by Jo Roscius
The tide lapped lazily upon the white sands of the shoreline. The slow rhythm unbroken only by the mild breeze carrying the sounds of distant gulls. The skies reflected a brilliant glory of a cloudless day, most unusual for the fog banked climate of this coast.
It was a day full of promise and wonder.
A small child stood on the shore staring into the horizon. The sun created a halo of light in his golden hair as his sea blue eyes gauged the distance. Like a trebuchet, he pulled back his olive arm, a small stone in his hand.
With a grunt, he threw it, pouring his infantile strength into sending the stone to the very edge of the horizon.
The boy watched breathlessly as it flew in a magnificent arc high into the sky. His hopes were soaring.
And then it dropped with a loud splash, punctuating the futility of the boy’s goal.
A small cry of frustration escaped his lips as tears began forming in the corners of his eyes. “I’m never going to make it,” he said despondently.
He stood there for a moment. Tears hitting the sand as they left a salty taste in his mouth. The boy was so focused on his failure, he almost did not notice the gentle hand that had been placed on his shoulder where only the sun’s rays had been moments before. He heard a gravelly voice, like that of his grandfather’s, “Never stop trying, my lad.”
Turning, the boy looked into the face of a white haired man whose wrinkles were without count. The sunlight caught a playful glint in the old man’s eyes as he smiled at the boy.
The boy, lifted the back of his hand to wipe away the tears as the man handed him a handkerchief. “But sir, I’ll never make it.”
The man stood, keeping one hand on the boy’s shoulder as he gently shifted his weight from a kneeling to a standing position. The boy had never seen a man as old as this one move so gracefully.
The man spoke to the boy while staring at the coastline “My son was a lot like you when he was your age.”
When the man mentioned his son, his eyes suddenly turned distant as if his mind was no longer on the boy in front of him. “There was once a battle fought on these shores. Did you know that lad? The men here thought they were dying to stop all wars.”
“Did they win?” The boy felt himself pulled toward the words, completely forgetting his own failure.
The man shook his head, “No.”
There was a pause as the man drew a breath and looked at the boy.
The man smiled again, “But lad, look toward the seas. Look at those birds. Even the sunlight. They all are telling us to keep trying.”
Gesturing with his hands he spread them wide at the ocean, “‘All creatures of our God and King. Lift up your voice and with us sing.’ Isn’t that how the old song goes?”
“I’ve never heard it sir.” The boy’s eyes were squinted as he tried to remember.
“No matter, when you get to be my age your memory will be foggy too.”
“How old are you sir?”
“Too old to remember. But not so old as to never stop trying.” The man grinned to emphasize his repeated lesson.
“It’s only a small splash when I do try, sir. I can never make the stone meet the sky.”
The man gave him a quick pat, “But even a drop causes ripples. And maybe one day those ripples will reach the sky.”
The man picked up a stone himself and with a speed the boy did not expect, he skipped the stone over the surface of the water. It seemed to the boy the stone must have made at least seven jumps.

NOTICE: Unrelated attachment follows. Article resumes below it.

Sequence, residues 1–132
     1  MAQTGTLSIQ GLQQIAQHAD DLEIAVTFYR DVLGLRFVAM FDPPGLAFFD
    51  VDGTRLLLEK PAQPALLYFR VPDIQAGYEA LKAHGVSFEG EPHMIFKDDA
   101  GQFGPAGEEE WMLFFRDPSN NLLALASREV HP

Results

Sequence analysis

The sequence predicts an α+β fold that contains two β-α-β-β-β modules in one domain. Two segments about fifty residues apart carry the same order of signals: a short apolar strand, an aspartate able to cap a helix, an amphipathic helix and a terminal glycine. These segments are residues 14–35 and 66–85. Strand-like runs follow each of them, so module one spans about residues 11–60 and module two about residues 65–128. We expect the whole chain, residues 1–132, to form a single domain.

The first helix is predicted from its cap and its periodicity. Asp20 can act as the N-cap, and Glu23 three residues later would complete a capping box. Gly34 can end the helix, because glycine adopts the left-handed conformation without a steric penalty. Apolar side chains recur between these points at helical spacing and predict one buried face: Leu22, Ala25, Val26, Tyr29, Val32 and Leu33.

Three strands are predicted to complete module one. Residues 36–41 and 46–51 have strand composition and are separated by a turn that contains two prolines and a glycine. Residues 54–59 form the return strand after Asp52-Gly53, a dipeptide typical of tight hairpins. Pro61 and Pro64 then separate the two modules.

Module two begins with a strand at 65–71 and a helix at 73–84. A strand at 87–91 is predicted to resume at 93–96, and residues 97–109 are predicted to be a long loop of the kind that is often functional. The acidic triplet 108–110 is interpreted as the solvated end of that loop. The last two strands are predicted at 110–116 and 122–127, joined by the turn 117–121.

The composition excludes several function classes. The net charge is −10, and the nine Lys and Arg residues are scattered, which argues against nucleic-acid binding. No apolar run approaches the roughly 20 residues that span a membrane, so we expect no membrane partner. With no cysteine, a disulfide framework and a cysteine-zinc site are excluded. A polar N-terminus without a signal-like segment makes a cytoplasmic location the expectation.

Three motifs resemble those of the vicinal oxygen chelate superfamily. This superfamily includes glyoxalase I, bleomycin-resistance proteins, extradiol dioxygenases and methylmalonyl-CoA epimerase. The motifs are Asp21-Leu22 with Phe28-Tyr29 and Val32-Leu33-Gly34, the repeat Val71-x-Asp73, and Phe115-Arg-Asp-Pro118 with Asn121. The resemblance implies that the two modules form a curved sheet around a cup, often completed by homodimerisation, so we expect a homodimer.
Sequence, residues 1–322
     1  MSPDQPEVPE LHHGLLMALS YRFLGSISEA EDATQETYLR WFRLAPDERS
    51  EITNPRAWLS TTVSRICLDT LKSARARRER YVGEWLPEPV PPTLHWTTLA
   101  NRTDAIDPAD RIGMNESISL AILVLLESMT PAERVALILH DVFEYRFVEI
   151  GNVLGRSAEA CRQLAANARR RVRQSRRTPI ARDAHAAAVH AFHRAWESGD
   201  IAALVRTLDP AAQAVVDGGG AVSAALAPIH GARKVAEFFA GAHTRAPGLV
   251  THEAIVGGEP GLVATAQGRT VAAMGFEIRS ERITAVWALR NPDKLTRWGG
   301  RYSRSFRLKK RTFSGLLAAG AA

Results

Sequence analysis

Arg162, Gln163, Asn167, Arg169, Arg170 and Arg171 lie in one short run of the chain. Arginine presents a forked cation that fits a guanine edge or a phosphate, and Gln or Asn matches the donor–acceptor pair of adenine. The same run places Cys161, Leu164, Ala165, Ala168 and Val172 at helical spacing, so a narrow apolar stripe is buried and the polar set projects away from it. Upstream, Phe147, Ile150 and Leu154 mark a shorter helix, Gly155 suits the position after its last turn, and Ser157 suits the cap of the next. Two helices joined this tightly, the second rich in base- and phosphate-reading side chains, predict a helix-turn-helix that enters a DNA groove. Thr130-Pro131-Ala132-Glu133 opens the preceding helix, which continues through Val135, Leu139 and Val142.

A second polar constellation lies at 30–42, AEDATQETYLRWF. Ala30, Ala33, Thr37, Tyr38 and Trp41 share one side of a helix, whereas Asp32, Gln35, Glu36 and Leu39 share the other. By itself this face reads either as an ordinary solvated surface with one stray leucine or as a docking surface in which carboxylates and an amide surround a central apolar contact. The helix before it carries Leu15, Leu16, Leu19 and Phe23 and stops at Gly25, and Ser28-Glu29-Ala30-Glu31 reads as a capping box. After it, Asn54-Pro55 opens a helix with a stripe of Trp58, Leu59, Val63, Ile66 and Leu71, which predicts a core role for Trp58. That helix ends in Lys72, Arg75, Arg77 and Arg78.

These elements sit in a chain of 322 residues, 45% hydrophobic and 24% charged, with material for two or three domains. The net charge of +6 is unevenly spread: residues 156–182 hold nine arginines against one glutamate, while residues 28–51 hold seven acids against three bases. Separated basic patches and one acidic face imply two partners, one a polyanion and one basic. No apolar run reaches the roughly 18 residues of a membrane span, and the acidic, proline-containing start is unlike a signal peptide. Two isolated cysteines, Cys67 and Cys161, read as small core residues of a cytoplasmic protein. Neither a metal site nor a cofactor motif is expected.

The boy bashfully looked from the sea to his feet wondering how he could attempt such a feat. A small, perfectly round stone was there beside him. It was odd, the boy did not remember it being there before. On an innocent impulse he picked it up and threw the stone as hard and as fast as he could muster.
This one flew in a stunning arc as it sailed further into the distance than any throw he had made before.
He jumped up and down with excitement as he turned back to the man, “It went further that time!”
But the old man was gone.
The boy looked far and wide along the coastline but no one else was there. The only sound were those of the gulls and the tide.
Thinking the old man had returned to the village, the boy headed back up the trail to find him.
He passed an ancient wall of ivy, where his eyes were drawn to a slab of granite hidden beneath the vines. He must have passed by it a thousand times but this time he was suddenly drawn to it.
He pulled the ivy back and brushed the surface, finding old weathered writing.
The boy was not a proficient reader but even he understood the significance. It was a marker dedicated to the soldiers lost in the long forgotten battle.
Underneath the clutching grasp of the ivy, fresh white lilies surrounded the slab, and the boy thought he heard the whisper of a promise on the wind, “Never stop trying.”
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Jo Roscius is a new writer with a background in philosophy. Her favorite authors include JRR Tolkien, Brent Weeks, Ted Dekker, and Robert Jordan. When not focused on her writing projects she enjoys hiking and watching movies with friends. Her website is jroscius.wordpress.com.
4 thoughts on “Skipping Stones”
An inspirational piece, working perhaps too hard to set the scene and to deliver its message. Some writing issues to thing about: “The slow rhythm unbroken only by the mild breeze carrying the sounds of distant gulls” might work better as “broken only”; ” Like a trebuchet, he pulled back his olive arm” may not be the best simile for a little boy’s arm; ” how he could attempt such a feat” might work better as “accomplish such a feat” given that he has been trying. AGB
Wow! Your observations are remarkable, sir. Thank you.
In my work I use the setting almost as if it’s also a character. I may have overplayed my hand in this regard. Thank you for the feedback, I will take it into account with my writing.
I really liked the suspense. Agburstein’s observations are on point.